Overlap integrals quantify the concentration of orbitals (often) on adjacent atoms in the same regions of space. Orbital overlap is a critical component in bond formation.
    • 9.4: Chemical Bond Stability
      From this LCAO-MO approach arises the Coulomb, Exchange (similar to HF calculations of atoms), and Overlap integrals. The concept of bonding and anti-bonding orbitals results.The application of LCAO toward molecular orbitals is demonstrated including linear variational theory and secular equations.
    • 9.5: Bonding and Antibonding Orbitals
      The spatial structure of the bonding and antibonding molecular orbitals are  contrasted demonstrating features such as a node between the nuclei. The expansion of the LCAO MOs using a greater basis set than just the 1s atomic orbitals is discussed.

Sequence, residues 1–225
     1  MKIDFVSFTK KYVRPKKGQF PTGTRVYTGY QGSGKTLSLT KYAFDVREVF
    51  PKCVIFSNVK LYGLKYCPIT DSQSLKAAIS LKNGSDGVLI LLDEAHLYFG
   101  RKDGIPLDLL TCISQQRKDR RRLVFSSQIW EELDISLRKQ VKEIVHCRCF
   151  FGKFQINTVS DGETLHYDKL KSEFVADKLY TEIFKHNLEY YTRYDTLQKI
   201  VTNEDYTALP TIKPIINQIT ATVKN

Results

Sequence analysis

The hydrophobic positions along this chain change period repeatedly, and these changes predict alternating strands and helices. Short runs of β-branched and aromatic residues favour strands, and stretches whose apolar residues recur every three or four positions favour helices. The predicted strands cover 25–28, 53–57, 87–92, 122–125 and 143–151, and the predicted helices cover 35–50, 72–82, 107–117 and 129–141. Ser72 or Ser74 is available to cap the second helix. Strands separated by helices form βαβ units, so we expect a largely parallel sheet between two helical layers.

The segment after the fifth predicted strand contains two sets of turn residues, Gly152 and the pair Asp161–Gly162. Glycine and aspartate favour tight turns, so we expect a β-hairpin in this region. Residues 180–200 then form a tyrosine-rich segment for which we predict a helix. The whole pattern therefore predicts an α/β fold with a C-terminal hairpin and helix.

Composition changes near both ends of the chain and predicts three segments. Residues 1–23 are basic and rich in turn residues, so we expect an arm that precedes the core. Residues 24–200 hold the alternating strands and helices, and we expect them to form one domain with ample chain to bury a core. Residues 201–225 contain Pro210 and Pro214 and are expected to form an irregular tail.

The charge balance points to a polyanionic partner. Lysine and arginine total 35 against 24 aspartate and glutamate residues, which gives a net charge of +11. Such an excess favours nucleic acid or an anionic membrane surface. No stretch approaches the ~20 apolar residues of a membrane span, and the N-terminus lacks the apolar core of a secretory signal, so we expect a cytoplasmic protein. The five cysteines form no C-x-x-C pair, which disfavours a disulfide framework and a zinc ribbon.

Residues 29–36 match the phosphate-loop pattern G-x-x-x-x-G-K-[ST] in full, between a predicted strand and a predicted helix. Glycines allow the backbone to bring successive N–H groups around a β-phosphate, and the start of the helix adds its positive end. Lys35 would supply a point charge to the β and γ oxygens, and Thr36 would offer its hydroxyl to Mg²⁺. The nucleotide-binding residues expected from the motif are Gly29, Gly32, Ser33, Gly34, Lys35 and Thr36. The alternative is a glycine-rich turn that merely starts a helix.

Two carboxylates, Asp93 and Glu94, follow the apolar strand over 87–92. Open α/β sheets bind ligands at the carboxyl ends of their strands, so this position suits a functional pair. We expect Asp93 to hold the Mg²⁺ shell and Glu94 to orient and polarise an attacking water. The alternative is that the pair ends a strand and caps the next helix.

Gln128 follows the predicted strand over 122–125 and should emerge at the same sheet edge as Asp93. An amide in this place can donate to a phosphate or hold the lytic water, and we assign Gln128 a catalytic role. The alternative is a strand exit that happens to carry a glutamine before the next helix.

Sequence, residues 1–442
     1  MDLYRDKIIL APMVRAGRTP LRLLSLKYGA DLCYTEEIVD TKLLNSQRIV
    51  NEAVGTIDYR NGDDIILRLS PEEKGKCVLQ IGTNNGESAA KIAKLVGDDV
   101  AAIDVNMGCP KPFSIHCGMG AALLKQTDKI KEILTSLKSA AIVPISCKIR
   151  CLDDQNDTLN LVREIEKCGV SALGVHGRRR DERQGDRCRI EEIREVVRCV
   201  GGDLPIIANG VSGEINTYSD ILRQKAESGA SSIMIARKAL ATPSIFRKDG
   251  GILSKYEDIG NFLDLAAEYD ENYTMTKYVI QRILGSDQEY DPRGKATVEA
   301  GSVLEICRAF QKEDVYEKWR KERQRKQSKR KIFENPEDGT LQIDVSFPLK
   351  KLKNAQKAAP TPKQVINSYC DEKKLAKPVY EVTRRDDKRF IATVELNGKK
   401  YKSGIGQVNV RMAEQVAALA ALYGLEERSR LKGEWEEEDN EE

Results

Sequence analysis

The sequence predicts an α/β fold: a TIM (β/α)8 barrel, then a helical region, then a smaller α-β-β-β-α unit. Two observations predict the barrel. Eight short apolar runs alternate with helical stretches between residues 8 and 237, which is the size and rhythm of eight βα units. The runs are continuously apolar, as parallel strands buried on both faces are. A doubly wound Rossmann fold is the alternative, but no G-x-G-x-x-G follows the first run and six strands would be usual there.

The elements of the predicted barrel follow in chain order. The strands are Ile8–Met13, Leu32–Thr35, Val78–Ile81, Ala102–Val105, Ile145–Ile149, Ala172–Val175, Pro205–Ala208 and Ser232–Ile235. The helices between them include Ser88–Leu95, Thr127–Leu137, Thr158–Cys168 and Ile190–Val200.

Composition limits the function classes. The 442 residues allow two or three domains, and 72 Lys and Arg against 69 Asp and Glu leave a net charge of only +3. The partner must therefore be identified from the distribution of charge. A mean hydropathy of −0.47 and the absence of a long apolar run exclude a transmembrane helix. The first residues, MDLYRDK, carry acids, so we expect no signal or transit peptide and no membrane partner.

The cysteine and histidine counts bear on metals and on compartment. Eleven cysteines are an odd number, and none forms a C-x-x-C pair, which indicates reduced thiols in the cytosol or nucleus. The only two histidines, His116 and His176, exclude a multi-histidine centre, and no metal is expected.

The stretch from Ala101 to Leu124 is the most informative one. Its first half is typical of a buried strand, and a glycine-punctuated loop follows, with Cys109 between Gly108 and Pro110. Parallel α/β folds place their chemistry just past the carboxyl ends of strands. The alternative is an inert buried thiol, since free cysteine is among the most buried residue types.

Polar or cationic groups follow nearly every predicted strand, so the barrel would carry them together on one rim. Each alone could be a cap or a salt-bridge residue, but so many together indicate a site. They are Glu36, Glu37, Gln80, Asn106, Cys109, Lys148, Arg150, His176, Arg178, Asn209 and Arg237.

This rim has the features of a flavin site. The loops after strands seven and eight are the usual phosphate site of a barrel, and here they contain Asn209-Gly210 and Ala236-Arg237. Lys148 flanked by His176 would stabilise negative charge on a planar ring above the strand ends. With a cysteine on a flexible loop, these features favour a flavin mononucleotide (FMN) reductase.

• 9.6: A Simple Molecular-Orbital Treatment of H₂ Places Both Electrons in a Bonding Orbital
      To describe the electronic states of molecules, we construct wavefunctions for the electronic states by using molecular orbitals. These wavefunctions are approximate solutions to the Schrödinger equation. A mathematical function for a molecular orbital is constructed, \(\psi _i\), as a linear combination of other functions, \(\varphi _j\), which are called basis functions because they provide the basis for representing the molecular orbital.
    • 9.7: Molecular Orbitals Can Be Ordered According to Their Energies